Many businesses have found ways to adapt to the challenges of COVID-19 pandemic through the use of new technology but for Genesis Energy, one solution was already sitting on the shelf.
The Auckland-based electricity generator and electricity, natural gas and LPG retailer had already invested in and experimented with Microsoft's HoloLens virtual reality headset gear, buying a basic $3500 kit going on two years before the pandemic struck.
Genesis wanted to use HoloLens as an alternative means to inspect its critical infrastructure, support engineering projects and to achieve required certifications.
These tasks were being carried out in person by local and overseas experts, who had to be flown to generation sites at significant cost, not to mention the carbon emissions.
Those early trials and experiments didn't stick and Genesis returned to its established ways of working.
Necessity being the mother of invention, however, the the pandemic and lockdown provided powerful incentives to dust down that HoloLens gear and to look again to its augmented reality, interactivity and high definition video functionality.
"I suppose our application of the technology has been given a bit of a shot in the arm due to the circumstances of COVID," explained Nigel Clark, executive general manager wholesale operations.
When the pandemic and lockdown arrived, Genesis had three major pieces of engineering work going on at its Tekapo power station, in the South Island, but even the company's New Zealand-based specialists could not get to the site.
Digital programme manager Neil Jelley conceded Genesis' use of the technology was "right down at the more basic end of the scale" for augmented reality applications, but it served its purpose.
The headset kit was being used as bought, using basic functionalities of real-time audio and video and the ability to interact over the screen, without any "fancy" software, Jelley said.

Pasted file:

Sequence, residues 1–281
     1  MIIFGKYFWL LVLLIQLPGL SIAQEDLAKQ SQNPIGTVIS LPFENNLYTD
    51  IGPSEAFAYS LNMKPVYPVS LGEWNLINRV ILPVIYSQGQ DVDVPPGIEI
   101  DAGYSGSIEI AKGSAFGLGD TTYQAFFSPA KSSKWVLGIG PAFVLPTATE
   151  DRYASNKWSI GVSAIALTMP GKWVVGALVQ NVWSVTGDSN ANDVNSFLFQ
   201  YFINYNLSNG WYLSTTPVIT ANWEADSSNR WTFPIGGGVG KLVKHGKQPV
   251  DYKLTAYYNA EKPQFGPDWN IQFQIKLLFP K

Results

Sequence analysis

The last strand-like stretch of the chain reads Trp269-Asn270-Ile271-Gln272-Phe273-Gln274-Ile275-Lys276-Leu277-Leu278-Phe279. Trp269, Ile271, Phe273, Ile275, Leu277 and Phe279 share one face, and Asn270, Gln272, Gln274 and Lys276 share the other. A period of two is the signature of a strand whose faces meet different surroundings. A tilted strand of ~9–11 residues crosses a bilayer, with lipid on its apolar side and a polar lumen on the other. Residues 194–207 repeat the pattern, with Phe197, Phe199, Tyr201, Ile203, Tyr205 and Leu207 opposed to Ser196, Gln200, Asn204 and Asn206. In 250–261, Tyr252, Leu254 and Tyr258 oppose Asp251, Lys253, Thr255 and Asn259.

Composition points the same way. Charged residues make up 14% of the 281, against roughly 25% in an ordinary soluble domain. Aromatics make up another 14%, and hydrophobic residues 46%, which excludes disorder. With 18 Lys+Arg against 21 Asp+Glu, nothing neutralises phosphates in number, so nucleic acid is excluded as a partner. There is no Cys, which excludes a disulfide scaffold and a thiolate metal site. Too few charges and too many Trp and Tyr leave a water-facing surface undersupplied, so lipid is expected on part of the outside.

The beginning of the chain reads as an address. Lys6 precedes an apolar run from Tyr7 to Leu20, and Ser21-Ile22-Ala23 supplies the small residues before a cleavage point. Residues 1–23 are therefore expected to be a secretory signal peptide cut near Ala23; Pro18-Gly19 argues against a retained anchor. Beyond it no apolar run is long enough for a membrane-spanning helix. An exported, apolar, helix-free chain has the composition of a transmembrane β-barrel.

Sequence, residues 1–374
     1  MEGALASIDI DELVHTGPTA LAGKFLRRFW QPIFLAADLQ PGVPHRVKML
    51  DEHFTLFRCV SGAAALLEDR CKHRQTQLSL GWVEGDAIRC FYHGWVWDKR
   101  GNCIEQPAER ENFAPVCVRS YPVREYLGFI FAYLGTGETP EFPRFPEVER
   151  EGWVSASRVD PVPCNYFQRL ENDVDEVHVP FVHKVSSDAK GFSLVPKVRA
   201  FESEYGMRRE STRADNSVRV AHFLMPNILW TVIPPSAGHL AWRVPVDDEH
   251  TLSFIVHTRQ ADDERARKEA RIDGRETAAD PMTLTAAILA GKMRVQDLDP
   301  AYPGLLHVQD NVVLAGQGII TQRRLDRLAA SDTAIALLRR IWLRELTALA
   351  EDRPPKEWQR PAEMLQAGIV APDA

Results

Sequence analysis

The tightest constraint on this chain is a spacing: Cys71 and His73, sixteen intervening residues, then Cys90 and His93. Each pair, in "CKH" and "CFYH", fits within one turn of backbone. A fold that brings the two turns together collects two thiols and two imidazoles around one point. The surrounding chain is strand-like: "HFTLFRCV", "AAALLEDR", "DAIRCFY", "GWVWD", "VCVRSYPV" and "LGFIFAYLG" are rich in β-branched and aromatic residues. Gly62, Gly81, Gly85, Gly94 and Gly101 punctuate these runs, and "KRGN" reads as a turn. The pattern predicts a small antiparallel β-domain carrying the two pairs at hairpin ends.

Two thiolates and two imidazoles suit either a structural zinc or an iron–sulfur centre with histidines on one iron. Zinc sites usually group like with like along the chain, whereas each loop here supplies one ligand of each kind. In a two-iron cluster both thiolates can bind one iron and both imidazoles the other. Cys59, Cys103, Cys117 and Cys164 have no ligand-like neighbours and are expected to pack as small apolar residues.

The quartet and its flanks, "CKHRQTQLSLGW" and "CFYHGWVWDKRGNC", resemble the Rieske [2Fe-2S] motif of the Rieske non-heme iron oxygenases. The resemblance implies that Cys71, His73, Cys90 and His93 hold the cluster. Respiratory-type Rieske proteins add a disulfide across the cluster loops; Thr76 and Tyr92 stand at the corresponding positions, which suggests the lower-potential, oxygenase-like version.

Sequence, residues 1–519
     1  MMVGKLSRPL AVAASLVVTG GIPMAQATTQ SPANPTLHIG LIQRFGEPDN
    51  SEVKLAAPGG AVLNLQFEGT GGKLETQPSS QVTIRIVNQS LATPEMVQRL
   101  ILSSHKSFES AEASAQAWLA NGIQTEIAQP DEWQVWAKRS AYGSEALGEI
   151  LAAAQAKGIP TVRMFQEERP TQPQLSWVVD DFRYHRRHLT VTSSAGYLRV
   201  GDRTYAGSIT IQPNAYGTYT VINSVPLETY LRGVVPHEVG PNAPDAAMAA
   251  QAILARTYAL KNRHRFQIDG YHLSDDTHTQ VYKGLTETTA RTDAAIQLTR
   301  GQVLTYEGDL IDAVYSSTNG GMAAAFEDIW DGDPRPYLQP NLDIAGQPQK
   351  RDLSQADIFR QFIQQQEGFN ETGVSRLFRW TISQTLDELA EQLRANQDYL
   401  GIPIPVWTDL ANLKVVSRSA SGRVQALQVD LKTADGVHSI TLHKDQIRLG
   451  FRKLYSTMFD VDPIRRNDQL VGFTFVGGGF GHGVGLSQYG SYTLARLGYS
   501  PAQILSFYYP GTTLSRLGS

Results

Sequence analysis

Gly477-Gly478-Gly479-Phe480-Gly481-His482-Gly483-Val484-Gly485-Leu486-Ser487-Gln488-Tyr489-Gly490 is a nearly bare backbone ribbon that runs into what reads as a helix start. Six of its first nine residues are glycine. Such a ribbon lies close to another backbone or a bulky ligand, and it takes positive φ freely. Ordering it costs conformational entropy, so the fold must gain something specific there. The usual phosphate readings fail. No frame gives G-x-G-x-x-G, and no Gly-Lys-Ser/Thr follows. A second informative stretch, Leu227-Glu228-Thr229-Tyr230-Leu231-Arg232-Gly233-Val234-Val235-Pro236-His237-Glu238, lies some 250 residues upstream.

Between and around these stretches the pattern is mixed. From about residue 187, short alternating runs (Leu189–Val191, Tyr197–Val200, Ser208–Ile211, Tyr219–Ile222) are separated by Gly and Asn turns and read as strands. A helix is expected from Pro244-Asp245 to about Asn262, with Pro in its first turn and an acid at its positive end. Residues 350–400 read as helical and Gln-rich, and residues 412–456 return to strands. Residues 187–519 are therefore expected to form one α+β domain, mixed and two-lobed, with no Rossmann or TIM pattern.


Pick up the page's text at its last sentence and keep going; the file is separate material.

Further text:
Interactions included the ability to circle an item of interest or to point. Screen sharing capability also allowed an engineer in Hamilton, for instance, to display an drawing into the field of vision of an engineer on-site at at Tekapo or elsewhere.
"In this situation I guess it was just a case of giving it a go and if it didn't work we would still be in the same boat we were anyway," Jelley said.
During the trial, an on-site engineer in Tekapo donned the headset (see video above) and was able to call or be called by specific experts in different locations to check aspects of, for instance, a generator rotor refurbishment project.
The HoloLens headset also allowed the on-site engineer freedom to use their hands during the inspection with others viewing the proceedings at 60 frames per second in high definition.
The technology also helped to keep engineers on the team safe by enabling compliance with Covid-19 social distancing and remote working requirements.
The gear is now being used a couple of times a week to help keep projects on track.
"It's shown a new way of working for some of us," said Angus Judge, group manager of operational excellence.